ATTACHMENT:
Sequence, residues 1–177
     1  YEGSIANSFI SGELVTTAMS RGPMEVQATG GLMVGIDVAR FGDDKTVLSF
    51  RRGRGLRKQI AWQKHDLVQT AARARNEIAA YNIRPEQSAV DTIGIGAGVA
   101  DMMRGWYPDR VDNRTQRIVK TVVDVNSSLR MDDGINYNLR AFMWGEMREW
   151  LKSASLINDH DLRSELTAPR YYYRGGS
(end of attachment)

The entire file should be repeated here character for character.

Sequence, residues 1–177
     1  YEGSIANSFI SGELVTTAMS RGPMEVQATG GLMVGIDVAR FGDDKTVLSF
    51  RRGRGLRKQI AWQKHDLVQT AARARNEIAA YNIRPEQSAV DTIGIGAGVA
   101  DMMRGWYPDR VDNRTQRIVK TVVDVNSSLR MDDGINYNLR AFMWGEMREW
   151  LKSASLINDH DLRSELTAPR YYYRGGS